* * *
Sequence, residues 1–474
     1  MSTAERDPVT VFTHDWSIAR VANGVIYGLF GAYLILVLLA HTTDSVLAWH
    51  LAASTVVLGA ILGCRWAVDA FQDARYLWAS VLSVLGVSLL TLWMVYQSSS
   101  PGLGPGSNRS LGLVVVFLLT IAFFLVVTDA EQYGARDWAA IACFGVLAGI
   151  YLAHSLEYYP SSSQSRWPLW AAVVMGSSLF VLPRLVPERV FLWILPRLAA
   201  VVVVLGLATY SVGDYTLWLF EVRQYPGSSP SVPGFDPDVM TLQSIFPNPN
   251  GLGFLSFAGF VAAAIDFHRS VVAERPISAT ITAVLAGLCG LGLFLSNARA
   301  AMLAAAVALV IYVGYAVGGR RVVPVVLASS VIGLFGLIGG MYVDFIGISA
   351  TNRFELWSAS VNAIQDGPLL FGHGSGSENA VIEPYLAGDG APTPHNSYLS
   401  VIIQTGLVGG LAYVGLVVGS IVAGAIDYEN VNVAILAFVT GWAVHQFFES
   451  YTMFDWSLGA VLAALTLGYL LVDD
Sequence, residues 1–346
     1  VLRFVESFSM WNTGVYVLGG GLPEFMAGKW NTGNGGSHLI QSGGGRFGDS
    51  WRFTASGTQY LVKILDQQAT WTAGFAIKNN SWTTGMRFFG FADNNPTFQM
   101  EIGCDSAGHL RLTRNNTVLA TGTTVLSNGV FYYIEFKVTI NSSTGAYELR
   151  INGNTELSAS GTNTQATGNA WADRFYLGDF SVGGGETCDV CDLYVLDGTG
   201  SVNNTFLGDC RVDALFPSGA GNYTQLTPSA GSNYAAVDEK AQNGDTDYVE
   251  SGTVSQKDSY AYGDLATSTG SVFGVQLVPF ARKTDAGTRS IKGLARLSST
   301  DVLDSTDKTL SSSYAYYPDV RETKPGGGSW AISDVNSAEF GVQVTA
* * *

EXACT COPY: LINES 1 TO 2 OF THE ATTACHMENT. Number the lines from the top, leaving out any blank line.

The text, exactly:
Sequence, residues 1–474
     1  MSTAERDPVT VFTHDWSIAR VANGVIYGLF GAYLILVLLA HTTDSVLAWH